|1||Q1 Tower||2005||323 m|
|4||Circle on Cavill North Tower||2007||220 m|
|5||Hilton Surfers Hotel & Residences Orchid Towe…||2011||188 m|
|6||Sundale Apartments||2016||180 m|
|7||Jewel Hotel||2019||170 m|
|8||The Dorsett and Star Residences||2022||167 m|
|9||The Oracle Beach Tower||2011||165 m|
|10||Circle on Cavill South Tower||2006||158 m|
During my stop, I took the opportunity to meet with a colleague for breakfast on the observation deck of Q1 and as you can see from the panoramic views it’s quite the location.
To my final destination during this trip …
For the benefit of my southern doubters, I’m starting here with a list of the 10 tallest buildings – just as evidence that we “Brisbane-ites” does understand what the term high rise is all about. In fact 17 buildings over the 150m mark and ranking as #68 in the world. That compares with 41 in Sydney and a whopping 67 in Melbourne. Yeah well maybe on reflection, Brisbane doesn’t have so many 🙁
|1||Brisbane Skytower||2019||269 m|
|2||The One||2020||264 m|
|3||1 William Street||2016||260 m|
|7||Riparian Plaza||2005||200 m|
|8||One One One Eagle Street||2012||195 m|
|9||443 Queen Street||2020||184 m|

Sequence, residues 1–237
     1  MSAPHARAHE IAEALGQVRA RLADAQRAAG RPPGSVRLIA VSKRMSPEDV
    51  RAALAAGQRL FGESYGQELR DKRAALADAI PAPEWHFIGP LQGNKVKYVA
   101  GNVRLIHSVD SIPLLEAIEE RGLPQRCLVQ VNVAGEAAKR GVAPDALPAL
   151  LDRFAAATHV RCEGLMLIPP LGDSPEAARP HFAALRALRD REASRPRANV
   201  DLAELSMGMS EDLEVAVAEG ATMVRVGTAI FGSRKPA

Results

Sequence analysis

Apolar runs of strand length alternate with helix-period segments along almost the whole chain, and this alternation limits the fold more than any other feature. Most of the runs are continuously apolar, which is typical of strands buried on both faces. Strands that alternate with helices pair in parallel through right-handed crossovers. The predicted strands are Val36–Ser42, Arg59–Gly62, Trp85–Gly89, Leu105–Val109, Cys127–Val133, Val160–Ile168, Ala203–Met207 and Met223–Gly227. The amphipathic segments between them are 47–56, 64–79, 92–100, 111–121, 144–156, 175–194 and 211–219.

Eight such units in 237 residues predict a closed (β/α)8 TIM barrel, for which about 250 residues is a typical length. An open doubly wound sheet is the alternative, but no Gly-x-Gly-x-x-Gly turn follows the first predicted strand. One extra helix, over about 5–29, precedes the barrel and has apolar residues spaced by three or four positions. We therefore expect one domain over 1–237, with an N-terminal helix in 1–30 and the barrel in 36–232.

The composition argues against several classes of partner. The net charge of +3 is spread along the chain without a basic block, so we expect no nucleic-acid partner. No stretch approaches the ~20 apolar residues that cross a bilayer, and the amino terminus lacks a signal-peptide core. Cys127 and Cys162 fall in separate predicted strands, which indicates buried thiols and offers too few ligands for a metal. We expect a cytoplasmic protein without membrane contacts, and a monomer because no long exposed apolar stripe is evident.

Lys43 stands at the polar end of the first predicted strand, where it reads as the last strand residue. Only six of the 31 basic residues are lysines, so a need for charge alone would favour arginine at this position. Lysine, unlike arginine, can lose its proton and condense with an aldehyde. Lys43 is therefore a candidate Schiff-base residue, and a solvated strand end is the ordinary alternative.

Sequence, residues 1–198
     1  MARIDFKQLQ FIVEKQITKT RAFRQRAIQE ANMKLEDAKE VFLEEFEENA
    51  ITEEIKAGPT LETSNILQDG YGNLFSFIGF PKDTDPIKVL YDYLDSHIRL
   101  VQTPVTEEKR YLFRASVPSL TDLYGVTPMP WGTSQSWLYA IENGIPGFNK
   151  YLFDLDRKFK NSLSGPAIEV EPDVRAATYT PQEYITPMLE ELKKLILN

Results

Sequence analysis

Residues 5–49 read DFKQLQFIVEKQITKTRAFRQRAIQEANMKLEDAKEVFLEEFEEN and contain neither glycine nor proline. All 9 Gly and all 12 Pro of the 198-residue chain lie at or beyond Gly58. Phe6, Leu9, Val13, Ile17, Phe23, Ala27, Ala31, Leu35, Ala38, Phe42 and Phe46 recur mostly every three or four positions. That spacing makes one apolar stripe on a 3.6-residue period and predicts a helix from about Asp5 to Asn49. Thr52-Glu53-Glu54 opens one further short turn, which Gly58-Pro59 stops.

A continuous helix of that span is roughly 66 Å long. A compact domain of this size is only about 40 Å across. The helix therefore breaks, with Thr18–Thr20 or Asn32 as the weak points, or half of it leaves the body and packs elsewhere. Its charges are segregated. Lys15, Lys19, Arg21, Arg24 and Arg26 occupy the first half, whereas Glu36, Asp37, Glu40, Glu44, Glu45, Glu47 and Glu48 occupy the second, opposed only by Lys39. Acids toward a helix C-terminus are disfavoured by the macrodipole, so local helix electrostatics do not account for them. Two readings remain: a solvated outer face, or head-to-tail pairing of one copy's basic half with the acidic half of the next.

|10||300 George Street||2019||182 m|
With the population of Queensland in the year 2018 estimated as 4.9286 million and Brisbane itself with only 2.41 million, we have always been seen as the poor neighbor to our southern colleagues and for some, they would venture to comment that we are the hillbillies of the litter.
“The small country town, where you go for a holiday but wouldn’t want to set up camp.” So unkind ….
The good news (at least for us that own property near the city) is that in recent years, we have started to attract some serious overseas investment with Queens Wharf and the Brisbane Live entertainment underway. In addition, it seems that the local government may have finally agreed to proceed with the Cross River Rail project !!!
In fact here’s a list of 5 additional major projects, excluding the three mentioned above.
- Northshore Parklands
- Brisbane airport redevelopment – International & Domestic
- Howard Smith Wharves
- Brisbane Quarter – 300 George Street
- Brisbane Metro
And to finish with some more touristy stuff …
Here’s my favorite 5 must sees in and around the south east Queensland greater area, time permitting.
- North and South beaches – i.e. Sunshine Coast and Gold Coast
- Visit the islands – Stradbroke or Morton islands
- The hinterland areas – Brisbane, Gold Coast and Sunshine Coast
- The parks – Lone Pine & Australia Zoo
- And to finish with a toss of coin – either select a Westfield shopping centre (yes I know, but’s an experience) or visit one or more amusement parks on the drive between Brisbane and the two Coasts.
Our next adventure, takes us to the sprawling Ho Chi Minh City, Vietnam, where I’m conducting a Sales workshop. Its more than 10 years since I was last there, so I’m very keen to see what changes and progress have been made, in particular in relation to our elevator-escalator tribe.
Until next time, stay safe…